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Avoiding Color Illusions in Your Home

by Trish Helmke, Nolan Painting Color Consultant

The Dress Was Blue and Black

In early 2015, the internet was abuzz about a dress that looked black and blue to some and white and gold to others. The dress was black and blue in real life, but what was up with this visual illusion? Why did some of us see white and gold and others see blue and black?

Because Our eyes can play tricks on us when it comes to color. This often happens in interior painting color selections as well. Did you ever pick a beige tone that when painted looked pink? Or a gray that when painted looked blue?

There are four key mistakes that many people make when choosing a paint color that could result in homeowners thinking their eyes are playing tricks on them. However, you can avoid color illusions in your home by following our tips below. And, if you’re struggling with paint that looks darker on a wall or lighter on a wall or just different than you imagined, we’re here to help. Nolan Painting is your trusted greater Philadelphia area color consultant, ensuring that your home color is exactly what you want. Contact us today!

Common Color Illusions to Avoid in Your Home

Illusion creator#1: Holding the color paint swatch against the current wall color

Illusion fix: Hold the paint color swatch against something white, such as a white door or baseboard. By giving your swatch a new background, you can see it without your eyes taking into account and considering the other colors around it.

When you hold a color against a background color, particularly a red, yellow, or dark color, the swatch color will give the illusion of a different color every time.That’s because your eye is influenced by both the swatch color and the wall color, blending the two in a way that confuses your mind. If the same color paint looks different after applied than it did when you held a swatch up to a colored wall, it’s most likely because your eye is expecting to see that paint color with the background you first saw it against.

As you can see in the pictures above, the same color, Sherwin-Williams “Clary Sage” looks much grayer and less green on the red and yellow backgrounds. Against a white sheet of paper, the true green tones are visible.

Illusion creator #2: Holding a paint swatch horizontally when choosing a color

Illusion fix: Hold the paint swatch vertically. Believe it or not, the orientation of a surface influences the way we perceive color, which can make things complicated when we’re assessing different swatches. But the solution to this one is easy: Walls are vertical surfaces, so lighting hits them differently than horizontal surfaces. This usually results in the color looking darker and more vivid when held vertically, because it is in less direct light. So hold the swatch vertically to more accurately see how the color will look on your walls. See below:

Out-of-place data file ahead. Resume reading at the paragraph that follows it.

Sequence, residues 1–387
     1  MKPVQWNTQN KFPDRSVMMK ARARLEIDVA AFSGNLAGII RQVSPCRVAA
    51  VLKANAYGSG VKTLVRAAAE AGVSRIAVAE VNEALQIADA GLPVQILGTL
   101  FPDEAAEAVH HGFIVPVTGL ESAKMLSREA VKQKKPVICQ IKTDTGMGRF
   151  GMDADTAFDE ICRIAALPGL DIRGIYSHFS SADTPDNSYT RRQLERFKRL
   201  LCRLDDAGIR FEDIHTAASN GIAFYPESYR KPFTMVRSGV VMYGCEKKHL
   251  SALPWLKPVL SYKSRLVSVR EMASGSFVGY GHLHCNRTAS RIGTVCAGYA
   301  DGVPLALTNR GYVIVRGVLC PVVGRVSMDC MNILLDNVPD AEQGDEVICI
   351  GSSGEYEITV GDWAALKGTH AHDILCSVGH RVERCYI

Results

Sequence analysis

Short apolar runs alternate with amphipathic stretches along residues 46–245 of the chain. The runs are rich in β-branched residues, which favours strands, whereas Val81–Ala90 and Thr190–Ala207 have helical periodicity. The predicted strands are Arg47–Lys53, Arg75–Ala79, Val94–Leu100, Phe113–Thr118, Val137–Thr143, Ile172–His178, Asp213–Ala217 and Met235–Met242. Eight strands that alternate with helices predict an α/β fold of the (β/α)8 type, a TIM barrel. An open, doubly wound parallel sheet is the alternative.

Sherwin Williams Clary Sage Horizontally
Sherwin Williams Clary Sage Vertically

Illusion creator #3: Comparing two color swatches against one another.

Illusion fix: Look at each color alone.Remember the concept of a colorful background influencing how you perceive a swatch when you hold it against the wall? The same factors are at play here.

As you can see in the photos below, comparing colors to one another can lead to color confusion. In the first picture, you could compare Sherwin Williams Clary Sage to Sherwin Williams Escape Gray and see that it is more green. In the second picture you can compare Sherwin Williams Clary Sage to Sherwin Williams Great Green and suddenly think that Sherwin Williams Clary Sage is very gray.

At the same time, your brain is also trying to calculate “how dark” the color is comparison to the color above and below it on the strip. The only true way to visualize the value and tones of the color is to look at it alone, as seen in the third picture.This is another easy solution when you’re dealing with a paint that looks different on a wall than it did on a swatch.

Sherwin Williams Clary Sage Appears Greener

Sherwin Williams Clary Sage Appears Gray

Sherwin Williams Clary Sage Alone

Illusion creator #4: Not looking at a paint swatch in the room that is going to be painted

Illusion fix: Only choose a paint color in the room that is to be painted. The key factors here are both lighting and space.

Lighting in each room of a home can vary greatly. Therefore, a paint color that you liked in your kitchen or on your cabinets might not look as appealing when used in your bedroom. The same applies to exteriors. Exterior sunlight is much brighter than interior lighting, so outside colors are going to lighten.

Spacing matters, too. You’ll perceive a color differently in a bathroom or small bedroom than you will in a large living area. To situations where paint looks darker on a wall or lighter on a wall, always be sure to look at that paint in the room where it will actually be applied.

Sherwin Williams Clary Sage in a Living Room

 

Sherwin Williams Clary Sage in a Bathroom

 

Home Exterior Painting Using Sherwin Williams Clary Sage

Color Consultants You Can Trust

Nolan Painting has been serving the greater Philadelphia area for over 35 years and takes great pride in the expert service we provide our clients. Ensure your home’s interior looks exactly the way you want with the help of our skilled color consultants. We will take the time to visit your home, learn your style preferences and deliver compatible color options for your space and offer advice on trending color schemes. Avoid color illusions in your home and contact your local interior painting experts at Nolan Painting today!

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